BUSH: All I'm tryin' to find out is, what's the guy's name at WorldCom.

PITT: Oh, no -- wait a minute, don't switch 'em around. What is at Enron.

BUSH: I'm not askin' you who's at Enron.

PITT: Who is at WorldCom.

BUSH: I don't know.

PITT: He's at Global Crossing -- now we're not talkin' 'bout him.

BUSH: Now, how did I get to Global Crossing?

PITT: You mentioned his name!

BUSH: If I mentioned his name, who did I say is at Global Crossing?

PITT: No -- Who's at WorldCom.

BUSH: Never mind WorldCom. I want to know what's the guy's name at Global Crossing.

PITT: No -- What's at Enron.

BUSH: I'm not askin' you who's at Enron.

PITT: Who's at WorldCom.

BUSH: I don't know.

PITT: He's at Global Crossing.

BUSH: Yikes! You got other names?

PITT: Oh yes!

BUSH: The CEO at Tyco?

PITT: Why.

BUSH: I don't know, I just thought I'd ask you.

PITT: Well, I just thought I'd tell you.

BUSH: All right, then tell me who's the guy at Tyco.

PITT: Who is at WorldCom --

BUSH: Stay away from WorldCom! I wanna know what's the Tyco guy's name.

PITT: What's at Enron.

BUSH: I'm not askin' you who's at Enron.

PITT: Who's at WorldCom.

BUSH: I don't know.

PITT and Bush: Global Crossing!

BUSH: This is ridiculous. All I really wanted to know is who's at WorldCom. Why? I don't know. He's at Global Crossing and I don't give a darn!

PITT: What was that?

BUSH: I said I don't give a darn!

PITT: Oh, he's at Xerox.

BUSH: Clear as crystal, Harvey. Keep up the good work at the SEC.

PITT: Any time, Mr. President.

* * *

We can forgive President Bush if he's been a bit preoccupied. He urged Congress this weekend to act on his proposals to improve accountability, and he will do so again in a July 9 speech on Wall Street.

But does he really mean it? Here's one test of Bush's resolve. After his administration worked to water down proposals in Congress, how far will Bush move toward backing tough new laws against corporate abuses and conflicts of interest on Wall Street and at accounting firms?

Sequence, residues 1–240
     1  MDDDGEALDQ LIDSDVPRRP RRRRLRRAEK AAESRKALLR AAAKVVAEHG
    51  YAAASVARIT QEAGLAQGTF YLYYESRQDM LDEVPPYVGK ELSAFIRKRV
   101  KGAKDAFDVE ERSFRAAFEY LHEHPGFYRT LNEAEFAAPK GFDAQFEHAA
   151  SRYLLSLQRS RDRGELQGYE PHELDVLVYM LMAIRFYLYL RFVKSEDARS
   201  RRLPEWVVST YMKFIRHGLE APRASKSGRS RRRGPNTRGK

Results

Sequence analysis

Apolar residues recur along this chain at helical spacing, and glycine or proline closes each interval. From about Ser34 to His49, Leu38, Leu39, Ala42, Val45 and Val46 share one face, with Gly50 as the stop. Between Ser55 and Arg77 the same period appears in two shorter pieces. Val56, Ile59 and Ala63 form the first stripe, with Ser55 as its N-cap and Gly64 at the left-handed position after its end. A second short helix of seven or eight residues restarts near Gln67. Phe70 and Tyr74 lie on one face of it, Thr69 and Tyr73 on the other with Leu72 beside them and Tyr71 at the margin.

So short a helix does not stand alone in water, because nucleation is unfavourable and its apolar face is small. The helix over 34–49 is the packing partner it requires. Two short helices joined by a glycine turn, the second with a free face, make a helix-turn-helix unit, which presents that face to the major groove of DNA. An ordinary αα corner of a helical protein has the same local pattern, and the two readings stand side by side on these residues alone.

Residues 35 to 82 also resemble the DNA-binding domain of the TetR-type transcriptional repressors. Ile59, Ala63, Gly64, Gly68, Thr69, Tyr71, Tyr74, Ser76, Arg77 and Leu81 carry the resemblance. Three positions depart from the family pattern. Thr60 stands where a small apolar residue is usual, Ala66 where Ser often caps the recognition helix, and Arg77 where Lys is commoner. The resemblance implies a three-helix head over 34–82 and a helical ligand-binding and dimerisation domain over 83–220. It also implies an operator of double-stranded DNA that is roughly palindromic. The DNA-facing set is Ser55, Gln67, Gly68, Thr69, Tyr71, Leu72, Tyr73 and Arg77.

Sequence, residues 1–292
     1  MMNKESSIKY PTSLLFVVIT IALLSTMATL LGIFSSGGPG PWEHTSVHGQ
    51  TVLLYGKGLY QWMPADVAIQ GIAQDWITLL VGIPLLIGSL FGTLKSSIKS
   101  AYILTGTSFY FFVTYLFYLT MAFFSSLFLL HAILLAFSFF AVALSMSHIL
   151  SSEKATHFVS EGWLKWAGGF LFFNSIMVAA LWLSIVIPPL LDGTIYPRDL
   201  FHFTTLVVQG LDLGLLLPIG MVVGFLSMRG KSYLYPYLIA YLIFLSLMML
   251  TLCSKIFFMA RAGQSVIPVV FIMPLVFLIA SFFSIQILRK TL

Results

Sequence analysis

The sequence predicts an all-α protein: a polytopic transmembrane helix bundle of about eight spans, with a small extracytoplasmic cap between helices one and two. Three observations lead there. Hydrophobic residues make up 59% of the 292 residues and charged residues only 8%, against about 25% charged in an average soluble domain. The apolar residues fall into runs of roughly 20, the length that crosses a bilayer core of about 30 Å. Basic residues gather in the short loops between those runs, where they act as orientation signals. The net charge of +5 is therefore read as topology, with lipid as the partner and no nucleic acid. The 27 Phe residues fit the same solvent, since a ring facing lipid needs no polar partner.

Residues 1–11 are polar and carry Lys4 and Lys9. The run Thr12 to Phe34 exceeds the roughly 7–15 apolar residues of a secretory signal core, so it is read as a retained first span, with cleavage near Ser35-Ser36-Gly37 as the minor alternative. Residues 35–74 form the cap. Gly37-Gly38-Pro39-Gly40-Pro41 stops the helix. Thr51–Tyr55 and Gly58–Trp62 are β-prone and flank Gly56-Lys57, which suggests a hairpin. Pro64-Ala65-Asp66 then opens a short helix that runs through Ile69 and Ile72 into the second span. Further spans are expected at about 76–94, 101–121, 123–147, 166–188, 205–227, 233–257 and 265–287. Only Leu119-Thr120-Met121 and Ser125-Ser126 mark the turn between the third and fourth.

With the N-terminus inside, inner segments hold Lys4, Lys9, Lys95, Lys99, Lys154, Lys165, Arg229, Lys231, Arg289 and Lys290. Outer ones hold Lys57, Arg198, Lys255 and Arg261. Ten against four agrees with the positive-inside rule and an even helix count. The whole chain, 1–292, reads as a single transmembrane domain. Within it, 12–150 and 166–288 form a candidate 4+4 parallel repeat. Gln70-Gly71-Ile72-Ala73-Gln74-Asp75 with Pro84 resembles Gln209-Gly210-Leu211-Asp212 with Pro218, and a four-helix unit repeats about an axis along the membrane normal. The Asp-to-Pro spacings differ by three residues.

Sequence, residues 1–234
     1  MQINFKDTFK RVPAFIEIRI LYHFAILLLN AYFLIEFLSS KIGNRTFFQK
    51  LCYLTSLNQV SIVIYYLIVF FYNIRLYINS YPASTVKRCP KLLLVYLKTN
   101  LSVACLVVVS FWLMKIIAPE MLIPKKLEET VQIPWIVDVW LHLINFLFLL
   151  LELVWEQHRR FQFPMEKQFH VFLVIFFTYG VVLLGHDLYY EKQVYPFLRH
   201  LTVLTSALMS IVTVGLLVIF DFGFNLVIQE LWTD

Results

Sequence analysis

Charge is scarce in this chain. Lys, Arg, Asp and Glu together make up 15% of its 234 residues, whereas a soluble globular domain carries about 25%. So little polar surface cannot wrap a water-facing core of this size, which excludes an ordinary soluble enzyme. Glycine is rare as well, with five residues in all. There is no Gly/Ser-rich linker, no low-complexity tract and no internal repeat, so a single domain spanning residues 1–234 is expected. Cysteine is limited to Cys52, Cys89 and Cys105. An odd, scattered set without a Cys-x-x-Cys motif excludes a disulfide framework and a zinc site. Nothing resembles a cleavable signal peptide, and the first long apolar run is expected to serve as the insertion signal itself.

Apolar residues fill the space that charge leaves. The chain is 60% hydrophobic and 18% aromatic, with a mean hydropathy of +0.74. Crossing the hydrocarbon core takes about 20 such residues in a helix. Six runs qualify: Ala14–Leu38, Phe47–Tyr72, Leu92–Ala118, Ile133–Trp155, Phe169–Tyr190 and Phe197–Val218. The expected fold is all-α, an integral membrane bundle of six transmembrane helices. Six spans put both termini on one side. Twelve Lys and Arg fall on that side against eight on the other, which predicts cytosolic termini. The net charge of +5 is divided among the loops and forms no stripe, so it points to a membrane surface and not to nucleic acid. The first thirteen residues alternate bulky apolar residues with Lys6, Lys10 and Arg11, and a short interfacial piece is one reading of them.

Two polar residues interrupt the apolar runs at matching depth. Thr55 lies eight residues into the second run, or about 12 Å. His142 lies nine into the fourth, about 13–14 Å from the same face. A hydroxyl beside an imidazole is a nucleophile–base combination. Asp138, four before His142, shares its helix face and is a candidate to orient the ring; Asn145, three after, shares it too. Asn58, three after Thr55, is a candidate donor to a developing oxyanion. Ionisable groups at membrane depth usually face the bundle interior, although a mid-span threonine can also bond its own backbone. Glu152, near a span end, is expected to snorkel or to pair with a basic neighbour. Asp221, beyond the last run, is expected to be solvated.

And when will Pitt, former attorney for big corporations and accounting firms, start doing his job of oversight?

There are some hopeful signs. Wednesday, Pitt said CEOs and chief financial officers of the 1,000 largest U.S. companies will be required to personally attest to the soundness of their financial statements.

Most of those companies should have nothing to worry about. A small minority -- at most 5 percent -- of American businesses engage in financial shenanigans, estimates James Stack, president of market analysis company InvesTech Research. The bad news is those 5 percent are pursuing bigger frauds (witness WorldCom's fudging its books by $3.8-billion) and more extreme scams than in the past.

Slowly, corporations are starting to shift from aggressive to conservative accounting. That's good for the market. But it will mean more pain from writedowns and profit readjustments in the short term.

Accounting firms have a long, long way to go before they regain credibility. A new survey by the Yale University School of Management and the Gallup Organization says that 25 percent of corporate heads lack confidence in the accuracy of audits produced by their own accounting firms.

Quicker action would help -- a lot -- to offset growing cynicism by investors.

While shareholders screamed bloody murder after the Enron collapse, the WorldCom scandal has been met with apathy. That muted response could be "a sign of deepening near-term investors' disinterest, but also a growing disenchantment of a whole generation of investors toward equities," Standard & Poors' investment committee warned last week.

How bad is it? A Pew Forum survey this spring found that Americans now think more highly of Washington politicians than they do of business executives.

Need I say more?

-- Robert Trigaux can be reached at trigaux@sptimes.com or (727) 893-8405.